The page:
Stopping the boss from promising too much

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Question: “How can I get my boss to stop committing to things (such as speaking engagements) that he can’t cover? I’ve tried to convince him to commit someone from the organization, not himself specifically, but to no avail.

“Alternatively, how do I gracefully decline something he has committed to when he can’t make it at the last minute? We try to offer someone as a replacement, but that doesn’t always work.”  -- Anonymous


Comments

“I imagine that your boss really enjoys public speaking and also wants to get your organization’s message out as much as possible. However, his excessive cancellations damage his reputation and the reputation of your organization.

“If you haven’t already, start by tracking how many cancellations you handle. He sounds like a busy, frenetic person, whose daily crises fade from memory when the sun goes down. Presenting data about his cancellations might help him see the problem.

“Also, does he send a personal note apologizing to clients that he cancelled on? If not, you might dare to draft one each time, and ask him to sign it before you send it. Being confronted with the consequences of his overbooking should give him pause. It’s easier to cancel when someone else has to apologize and clean up the mess.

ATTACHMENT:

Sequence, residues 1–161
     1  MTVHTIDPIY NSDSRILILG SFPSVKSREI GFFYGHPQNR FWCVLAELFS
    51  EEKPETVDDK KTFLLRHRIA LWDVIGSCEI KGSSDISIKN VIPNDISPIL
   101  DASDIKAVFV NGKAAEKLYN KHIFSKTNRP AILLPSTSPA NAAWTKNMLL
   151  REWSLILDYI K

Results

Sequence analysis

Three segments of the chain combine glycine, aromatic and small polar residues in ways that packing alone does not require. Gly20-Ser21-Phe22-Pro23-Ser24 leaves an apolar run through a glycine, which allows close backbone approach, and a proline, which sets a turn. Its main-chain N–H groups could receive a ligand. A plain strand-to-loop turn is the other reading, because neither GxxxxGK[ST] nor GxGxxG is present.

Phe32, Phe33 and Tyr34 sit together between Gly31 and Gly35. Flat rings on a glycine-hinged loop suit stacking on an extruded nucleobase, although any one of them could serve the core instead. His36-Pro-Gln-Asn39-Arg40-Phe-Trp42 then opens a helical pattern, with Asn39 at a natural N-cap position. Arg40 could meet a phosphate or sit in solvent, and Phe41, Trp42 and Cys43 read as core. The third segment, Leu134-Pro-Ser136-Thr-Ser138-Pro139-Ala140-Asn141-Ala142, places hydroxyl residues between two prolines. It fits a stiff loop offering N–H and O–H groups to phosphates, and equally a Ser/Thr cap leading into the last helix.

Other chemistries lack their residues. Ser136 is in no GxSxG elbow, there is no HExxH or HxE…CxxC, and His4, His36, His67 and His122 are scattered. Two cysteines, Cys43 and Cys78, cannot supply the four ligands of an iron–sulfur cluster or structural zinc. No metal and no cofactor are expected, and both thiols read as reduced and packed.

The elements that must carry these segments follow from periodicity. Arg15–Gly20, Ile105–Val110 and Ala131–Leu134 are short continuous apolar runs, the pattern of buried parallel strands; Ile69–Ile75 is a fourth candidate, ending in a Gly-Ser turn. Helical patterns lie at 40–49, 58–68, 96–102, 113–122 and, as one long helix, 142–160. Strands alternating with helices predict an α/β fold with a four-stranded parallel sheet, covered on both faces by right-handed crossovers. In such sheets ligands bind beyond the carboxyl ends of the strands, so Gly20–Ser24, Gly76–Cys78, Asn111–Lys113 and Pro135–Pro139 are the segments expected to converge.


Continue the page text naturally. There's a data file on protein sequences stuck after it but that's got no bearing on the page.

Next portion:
“You could also spin your suggestions about controlling his schedule this way: If he only books as many speaking engagements as he can fulfill, he will have only happy clients. Also, by sometimes saying, “No, I’m not available until next month,” it will actually enhance his image and reputation because he will be perceived as very much in demand. For example, you can’t always get a reservation at the best restaurant in town, can you? In contrast, a not-so-good restaurant will accept too many reservations and then make you wait for cold food.

“As for gracefully handling the last-minute cancellations, I handle tough phone calls with some of these techniques: I acknowledge the person’s anger, empathize with the person’s disappointment, apologize and try to offer some way to make it better. I don’t know what your business is, but maybe you have some discounts to give.

“Also, be very mindful of your language when apologizing. You aren’t apologizing for something you did. You’re apologizing for something someone else did. “So-and-so has asked me to apologize for ... .”) Creating this separation will keep some of the heat off you, and in my experience, some people will actually respect you for handling a problem not of your making. It may even help disappointed clients believe that some people at your organization are reliable.”

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